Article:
Islamabad, October 08 (Online): Different triggers spark stroke, injuries, and neurodegenerative diseases, but the molecular chain of events responsible for brain cell death in these conditions are the same.
JResearch partners Dr. Ted Dawson, Ph.D., now director of the Institute for Cell Engineering at the Johns Hopkins University School of Medicine, and Valina Dawson, Ph.D., professor of neurology, and their research group conducted experiments on laboratory-grown cells to determine the culprit in the event chain that ultimately causes cell death.
The new research builds on a growing body of knowledge of a distinct form of programmed brain cell death dubbed “parthanatos” by the team in earlier work to distinguish it from other types of cell death, such as apoptosis, necrosis, or autophagic death.
The research teams found that while stroke, injury, Alzheimer’s disease, Parkinson’s disease, and Huntington’s disease have very different causes and symptoms, they share the brain cell death mechanism, parthanatos, and PARP, an enzyme involved in the process.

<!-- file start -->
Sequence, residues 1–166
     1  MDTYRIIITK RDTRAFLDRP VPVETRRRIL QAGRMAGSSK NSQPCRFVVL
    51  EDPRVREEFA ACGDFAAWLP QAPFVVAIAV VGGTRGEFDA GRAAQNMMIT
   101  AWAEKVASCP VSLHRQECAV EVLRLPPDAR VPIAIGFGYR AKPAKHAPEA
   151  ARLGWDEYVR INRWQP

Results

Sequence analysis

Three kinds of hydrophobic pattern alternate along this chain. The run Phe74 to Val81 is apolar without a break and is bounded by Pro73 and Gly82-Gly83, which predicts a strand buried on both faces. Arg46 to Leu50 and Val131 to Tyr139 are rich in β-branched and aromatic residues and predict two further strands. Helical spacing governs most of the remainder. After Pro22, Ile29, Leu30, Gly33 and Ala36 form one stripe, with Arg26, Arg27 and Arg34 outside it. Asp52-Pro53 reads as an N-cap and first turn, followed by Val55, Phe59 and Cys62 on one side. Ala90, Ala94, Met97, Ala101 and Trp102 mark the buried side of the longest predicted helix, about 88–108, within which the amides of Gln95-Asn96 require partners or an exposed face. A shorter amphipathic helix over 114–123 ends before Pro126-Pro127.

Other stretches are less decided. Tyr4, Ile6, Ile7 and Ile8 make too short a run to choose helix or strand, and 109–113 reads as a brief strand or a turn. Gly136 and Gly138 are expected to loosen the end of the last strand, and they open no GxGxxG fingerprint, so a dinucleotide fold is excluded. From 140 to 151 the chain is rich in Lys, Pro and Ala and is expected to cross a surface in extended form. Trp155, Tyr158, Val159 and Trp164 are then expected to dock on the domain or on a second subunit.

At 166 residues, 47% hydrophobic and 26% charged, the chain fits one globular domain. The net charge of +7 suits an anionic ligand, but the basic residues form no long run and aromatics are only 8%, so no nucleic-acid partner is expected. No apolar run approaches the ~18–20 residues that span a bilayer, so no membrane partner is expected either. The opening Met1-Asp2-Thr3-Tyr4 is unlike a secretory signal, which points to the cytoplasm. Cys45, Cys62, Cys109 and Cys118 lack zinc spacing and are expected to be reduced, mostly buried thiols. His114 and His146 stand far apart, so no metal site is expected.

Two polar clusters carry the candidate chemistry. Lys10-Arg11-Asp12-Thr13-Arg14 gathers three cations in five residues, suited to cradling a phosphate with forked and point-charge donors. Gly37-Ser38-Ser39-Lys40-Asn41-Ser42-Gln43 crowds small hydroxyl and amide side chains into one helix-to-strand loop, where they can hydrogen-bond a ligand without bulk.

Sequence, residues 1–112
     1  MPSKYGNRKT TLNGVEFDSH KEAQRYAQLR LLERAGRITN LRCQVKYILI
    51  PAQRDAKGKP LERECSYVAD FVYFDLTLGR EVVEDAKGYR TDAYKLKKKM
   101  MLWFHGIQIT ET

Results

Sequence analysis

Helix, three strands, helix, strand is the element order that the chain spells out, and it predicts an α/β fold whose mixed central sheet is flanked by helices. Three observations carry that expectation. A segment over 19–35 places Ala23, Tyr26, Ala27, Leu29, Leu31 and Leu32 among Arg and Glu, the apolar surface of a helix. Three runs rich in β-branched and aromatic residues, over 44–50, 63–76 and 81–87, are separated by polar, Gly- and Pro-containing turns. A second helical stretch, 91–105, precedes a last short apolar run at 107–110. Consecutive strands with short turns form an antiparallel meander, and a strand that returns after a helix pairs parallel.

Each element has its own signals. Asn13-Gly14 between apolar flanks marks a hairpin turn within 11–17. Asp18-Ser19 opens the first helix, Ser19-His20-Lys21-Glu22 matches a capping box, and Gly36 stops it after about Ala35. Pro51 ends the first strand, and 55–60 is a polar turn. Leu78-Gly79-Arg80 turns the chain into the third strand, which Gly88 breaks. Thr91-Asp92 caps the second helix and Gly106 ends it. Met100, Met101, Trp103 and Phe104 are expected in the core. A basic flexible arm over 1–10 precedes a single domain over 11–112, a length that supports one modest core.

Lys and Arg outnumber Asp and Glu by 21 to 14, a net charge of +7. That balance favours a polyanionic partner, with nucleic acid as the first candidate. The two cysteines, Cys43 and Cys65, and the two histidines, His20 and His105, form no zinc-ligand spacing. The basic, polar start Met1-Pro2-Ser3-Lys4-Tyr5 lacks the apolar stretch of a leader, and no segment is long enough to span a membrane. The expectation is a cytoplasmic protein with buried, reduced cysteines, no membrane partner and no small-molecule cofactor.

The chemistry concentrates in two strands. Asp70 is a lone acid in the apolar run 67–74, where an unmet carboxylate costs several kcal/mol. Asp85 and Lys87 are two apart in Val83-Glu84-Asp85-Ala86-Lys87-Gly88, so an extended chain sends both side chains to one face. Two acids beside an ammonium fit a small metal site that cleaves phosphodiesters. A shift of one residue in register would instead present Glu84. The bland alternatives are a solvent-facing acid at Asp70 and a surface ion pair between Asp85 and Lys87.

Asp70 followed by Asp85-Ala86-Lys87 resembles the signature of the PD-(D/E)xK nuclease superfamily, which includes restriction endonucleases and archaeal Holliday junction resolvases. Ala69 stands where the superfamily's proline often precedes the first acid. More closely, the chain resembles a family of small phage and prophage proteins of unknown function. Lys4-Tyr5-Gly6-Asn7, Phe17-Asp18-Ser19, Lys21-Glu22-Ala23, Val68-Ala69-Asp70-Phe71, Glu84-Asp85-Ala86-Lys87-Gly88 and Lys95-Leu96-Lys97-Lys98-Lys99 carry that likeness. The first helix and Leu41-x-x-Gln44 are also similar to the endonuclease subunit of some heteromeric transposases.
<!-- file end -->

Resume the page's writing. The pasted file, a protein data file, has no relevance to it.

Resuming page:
“I can’t overemphasize what an important form of cell death it is; it plays a role in almost all forms of cellular injury,” says Dr. Dawson. The combined research groups have spent years breaking down each link in the parthanatos chain of events and tracing what roles proteins play in the process.
Previous research indicated that when a protein – mitochondrial apoptosis-inducing factor (AIF) – moves from its residing location in the energy-producing mitochondria of the cell to the nucleus, it causes the genome housed in the nucleus to be carved up, leading to cell death.